It’s official, we have a title race. But goodness, if this is what we’re in for from Aberdeen, everyone had better fasten their seatbelts.
This was a game that would perplex even the greatest analytical football minds but in the end victory was all that mattered for Derek McInnes’s side as it ensured they drew level with Celtic at the Premiership summit. All the more so as they overcame a stubborn St Johnstone who have made a habit of tripping them up in recent seasons, including a painful 1-5 victory at Pittodrie last September.
The Perth men made a late effort to give the visiting support the heebie-jeebies in this one, scoring two goals to reduce the deficit but the Dons held on to make it 12 games unbeaten. Having done the hard bit by beating Celtic in midweek, this is the sort of fixture they just had to win not only to convince the sceptics, but probably also themselves, that they really can take this challenge to the wire.
Overall they deservedly prevailed through a mixture of ruthlessness, sharpness and a pinch of good fortune.
Knock them altogether, add Adam Rooney again delivering the goods with another couple of goals, and you have the mix for a decent crack at chasing trophies.
“My concern was always the closing 15 minutes,” insisted McInnes after regaining his breath, “with the energy we used up in the game against Celtic we knew it was going to be hard.
“We got the start we wanted to, but the biggest test was when St Johnstone pulled it back to 1-2. We came through that really well and got the two goals. But it needed big hearts when we were running on empty at the end.”
His side built a winning platform in this game within the first 20 minutes. It helped that in Saints they found opponents who were uncommonly generous with defensive gifts but the Pittodrie men did half make them pay for it. We were still at the sparring stage when Danny Swanson, making his return to McDiarmid Park after his release by Hearts, made a hash of a clearance, sending it straight to Cammy Smith on the edge of the Saints box. The ball was ushered out to Shay Logan whose low cross found Rooney where strikers love to lurk – two yards from goal – and he buried it beyond Alan Mannus.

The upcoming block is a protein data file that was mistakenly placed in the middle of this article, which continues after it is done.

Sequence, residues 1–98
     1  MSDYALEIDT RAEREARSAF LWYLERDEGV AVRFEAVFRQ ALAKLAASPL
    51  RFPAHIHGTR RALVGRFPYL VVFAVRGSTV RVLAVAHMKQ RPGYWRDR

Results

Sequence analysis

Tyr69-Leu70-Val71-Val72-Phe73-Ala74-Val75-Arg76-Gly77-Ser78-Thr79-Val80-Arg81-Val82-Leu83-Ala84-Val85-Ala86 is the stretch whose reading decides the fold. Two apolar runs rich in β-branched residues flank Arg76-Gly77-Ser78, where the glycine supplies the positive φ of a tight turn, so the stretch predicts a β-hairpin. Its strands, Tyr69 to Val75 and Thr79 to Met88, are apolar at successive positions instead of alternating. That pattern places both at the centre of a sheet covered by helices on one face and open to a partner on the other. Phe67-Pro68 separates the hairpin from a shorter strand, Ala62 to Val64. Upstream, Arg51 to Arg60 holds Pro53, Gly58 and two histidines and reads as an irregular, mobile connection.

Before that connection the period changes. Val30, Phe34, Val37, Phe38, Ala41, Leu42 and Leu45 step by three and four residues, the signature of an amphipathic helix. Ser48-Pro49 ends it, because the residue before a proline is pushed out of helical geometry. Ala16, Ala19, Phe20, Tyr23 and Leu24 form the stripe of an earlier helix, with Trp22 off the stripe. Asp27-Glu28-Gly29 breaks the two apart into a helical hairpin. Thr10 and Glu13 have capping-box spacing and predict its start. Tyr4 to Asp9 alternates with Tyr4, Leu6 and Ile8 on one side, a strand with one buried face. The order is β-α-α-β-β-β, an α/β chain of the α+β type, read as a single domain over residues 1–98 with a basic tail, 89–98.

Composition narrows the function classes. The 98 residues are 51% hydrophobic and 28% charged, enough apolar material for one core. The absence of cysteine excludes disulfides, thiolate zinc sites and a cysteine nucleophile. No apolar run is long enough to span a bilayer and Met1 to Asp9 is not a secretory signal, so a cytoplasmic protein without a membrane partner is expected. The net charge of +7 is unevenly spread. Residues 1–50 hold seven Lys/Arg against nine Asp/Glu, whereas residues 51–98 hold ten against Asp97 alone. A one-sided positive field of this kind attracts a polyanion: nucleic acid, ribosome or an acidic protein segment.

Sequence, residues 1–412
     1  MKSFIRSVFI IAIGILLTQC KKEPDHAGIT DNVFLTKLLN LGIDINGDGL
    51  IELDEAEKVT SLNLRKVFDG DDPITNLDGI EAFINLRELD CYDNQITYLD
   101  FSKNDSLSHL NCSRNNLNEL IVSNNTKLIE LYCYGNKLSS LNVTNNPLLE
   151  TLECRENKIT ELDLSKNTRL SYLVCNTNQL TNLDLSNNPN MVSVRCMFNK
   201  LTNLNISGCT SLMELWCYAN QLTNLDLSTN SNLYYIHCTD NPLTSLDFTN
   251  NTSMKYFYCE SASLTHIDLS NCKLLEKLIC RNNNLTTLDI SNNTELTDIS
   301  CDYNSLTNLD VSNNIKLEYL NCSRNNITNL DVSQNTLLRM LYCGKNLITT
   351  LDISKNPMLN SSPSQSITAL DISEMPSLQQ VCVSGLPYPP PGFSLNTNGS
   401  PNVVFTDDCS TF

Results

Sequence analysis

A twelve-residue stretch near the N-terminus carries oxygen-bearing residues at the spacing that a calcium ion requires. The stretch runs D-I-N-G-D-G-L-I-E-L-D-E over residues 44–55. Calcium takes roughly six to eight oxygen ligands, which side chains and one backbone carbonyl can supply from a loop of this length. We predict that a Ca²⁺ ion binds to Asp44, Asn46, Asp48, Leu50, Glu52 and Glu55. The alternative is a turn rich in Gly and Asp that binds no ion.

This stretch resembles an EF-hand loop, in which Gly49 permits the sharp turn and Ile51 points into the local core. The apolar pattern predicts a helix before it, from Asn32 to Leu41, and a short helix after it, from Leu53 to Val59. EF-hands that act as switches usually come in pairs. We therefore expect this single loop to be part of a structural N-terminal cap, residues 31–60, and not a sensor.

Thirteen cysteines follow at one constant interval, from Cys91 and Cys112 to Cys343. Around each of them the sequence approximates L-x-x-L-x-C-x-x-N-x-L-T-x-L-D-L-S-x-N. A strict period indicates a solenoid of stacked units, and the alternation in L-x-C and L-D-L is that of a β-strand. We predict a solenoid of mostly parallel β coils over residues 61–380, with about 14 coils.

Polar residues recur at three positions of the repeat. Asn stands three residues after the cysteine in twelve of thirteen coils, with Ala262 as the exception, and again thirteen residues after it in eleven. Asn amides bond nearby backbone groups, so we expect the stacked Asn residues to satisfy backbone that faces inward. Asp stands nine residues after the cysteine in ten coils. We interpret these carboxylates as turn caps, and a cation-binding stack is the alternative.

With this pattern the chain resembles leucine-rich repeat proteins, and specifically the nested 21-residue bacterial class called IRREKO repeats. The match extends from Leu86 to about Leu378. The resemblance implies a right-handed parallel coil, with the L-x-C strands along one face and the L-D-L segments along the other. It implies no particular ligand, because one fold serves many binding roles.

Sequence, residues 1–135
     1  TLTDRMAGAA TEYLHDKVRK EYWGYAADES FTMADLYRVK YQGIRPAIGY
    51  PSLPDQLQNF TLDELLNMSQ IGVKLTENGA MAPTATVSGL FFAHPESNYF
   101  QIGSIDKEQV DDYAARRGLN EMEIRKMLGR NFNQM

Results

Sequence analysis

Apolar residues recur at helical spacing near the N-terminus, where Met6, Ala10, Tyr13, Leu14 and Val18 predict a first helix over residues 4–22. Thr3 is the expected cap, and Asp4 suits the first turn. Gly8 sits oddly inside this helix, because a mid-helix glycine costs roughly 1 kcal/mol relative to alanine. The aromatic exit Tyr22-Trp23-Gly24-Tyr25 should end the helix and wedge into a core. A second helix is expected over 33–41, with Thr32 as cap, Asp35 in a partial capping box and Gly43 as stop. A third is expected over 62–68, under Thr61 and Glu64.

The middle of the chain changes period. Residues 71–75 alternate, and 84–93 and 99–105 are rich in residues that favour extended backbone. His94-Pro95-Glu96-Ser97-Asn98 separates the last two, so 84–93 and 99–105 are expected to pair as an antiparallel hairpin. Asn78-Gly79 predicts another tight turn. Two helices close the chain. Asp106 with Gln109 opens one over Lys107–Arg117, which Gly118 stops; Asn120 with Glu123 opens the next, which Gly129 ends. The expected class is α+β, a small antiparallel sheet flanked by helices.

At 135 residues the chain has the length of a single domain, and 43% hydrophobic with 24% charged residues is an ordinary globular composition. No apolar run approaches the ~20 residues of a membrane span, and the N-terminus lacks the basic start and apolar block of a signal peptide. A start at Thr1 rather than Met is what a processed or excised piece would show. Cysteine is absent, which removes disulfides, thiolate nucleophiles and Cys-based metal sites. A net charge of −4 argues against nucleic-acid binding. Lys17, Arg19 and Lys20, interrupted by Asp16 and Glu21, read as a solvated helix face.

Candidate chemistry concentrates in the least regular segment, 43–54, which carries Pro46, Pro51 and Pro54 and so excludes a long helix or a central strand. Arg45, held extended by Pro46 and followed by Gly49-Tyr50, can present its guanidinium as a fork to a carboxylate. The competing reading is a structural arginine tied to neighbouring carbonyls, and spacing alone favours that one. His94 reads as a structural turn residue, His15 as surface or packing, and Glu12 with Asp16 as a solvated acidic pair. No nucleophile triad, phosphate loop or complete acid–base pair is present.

They went further ahead when another piece of lamentably slack play in the midfield from the hosts saw Graeme Shinnie hare off on the offensive until he was tripped by Liam Craig. From the resultant free kick Peter Pawlett drove in a low shot that took a telling deflection en route to goal.
It wasn’t all plain sailing though and the visitors rode their luck as Tam Scobbie smacked a shot against the post and Graham Cummins couldn’t squeeze the ball in after having rounded Scott Brown.To their credit Saints continued press forward after the break and they quickly reaped a reward when a lovely back heel from Steven MacLean set up David Wotherspoon to take his time before drilling it past Brown to reduce the deficit.
It swayed from end to end after in fascinating fashion thereafter. The problem as far as the hosts were concerned was that this merely served to cruelly expose their defensive frailties. Joe Shaughnessy was caught out under pressure and gifted the ball to Niall McGinn who squared for Simon Church for a simple tap in. Rooney then quickly added a fourth with an ambling run down the left which ended with him poking the ball into the far corner of the net.
That should have been that but, in finale that can only be described as crazy, Saints clawed a couple of goals back through a Steven Anderson header and a Scobbie drive to give the scoreline a surreal look. The two defenders did their bit but over the 90 minutes it was probably at the wrong end of the park.
“If you had said before the game we would score three, I would have said we would win,” a frustrated Tommy Wright reflected, “but all four goals we lost were horrendous.”